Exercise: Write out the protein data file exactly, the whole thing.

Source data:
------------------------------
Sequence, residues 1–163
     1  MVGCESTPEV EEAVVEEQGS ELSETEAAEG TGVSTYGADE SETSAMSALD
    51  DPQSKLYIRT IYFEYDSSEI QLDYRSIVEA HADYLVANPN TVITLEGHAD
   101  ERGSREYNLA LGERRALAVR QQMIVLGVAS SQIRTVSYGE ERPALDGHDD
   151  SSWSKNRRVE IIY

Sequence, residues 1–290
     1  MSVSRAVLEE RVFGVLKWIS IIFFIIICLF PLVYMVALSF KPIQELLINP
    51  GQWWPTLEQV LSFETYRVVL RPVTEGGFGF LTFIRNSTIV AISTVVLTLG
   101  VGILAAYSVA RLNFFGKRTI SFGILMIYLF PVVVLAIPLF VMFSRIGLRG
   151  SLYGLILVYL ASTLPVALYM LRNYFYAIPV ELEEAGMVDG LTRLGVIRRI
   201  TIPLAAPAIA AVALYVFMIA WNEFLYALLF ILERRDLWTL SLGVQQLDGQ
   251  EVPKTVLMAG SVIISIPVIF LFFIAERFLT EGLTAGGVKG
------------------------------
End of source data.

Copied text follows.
Sequence, residues 1–163
     1  MVGCESTPEV EEAVVEEQGS ELSETEAAEG TGVSTYGADE SETSAMSALD
    51  DPQSKLYIRT IYFEYDSSEI QLDYRSIVEA HADYLVANPN TVITLEGHAD
   101  ERGSREYNLA LGERRALAVR QQMIVLGVAS SQIRTVSYGE ERPALDGHDD
   151  SSWSKNRRVE IIY

Sequence, residues 1–290
     1  MSVSRAVLEE RVFGVLKWIS IIFFIIICLF PLVYMVALSF KPIQELLINP
    51  GQWWPTLEQV LSFETYRVVL RPVTEGGFGF LTFIRNSTIV AISTVVLTLG
   101  VGILAAYSVA RLNFFGKRTI SFGILMIYLF PVVVLAIPLF VMFSRIGLRG
   151  SLYGLILVYL ASTLPVALYM LRNYFYAIPV ELEEAGMVDG LTRLGVIRRI
   201  TIPLAAPAIA AVALYVFMIA WNEFLYALLF ILERRDLWTL SLGVQQLDGQ
   251  EVPKTVLMAG SVIISIPVIF LFFIAERFLT EGLTAGGVKG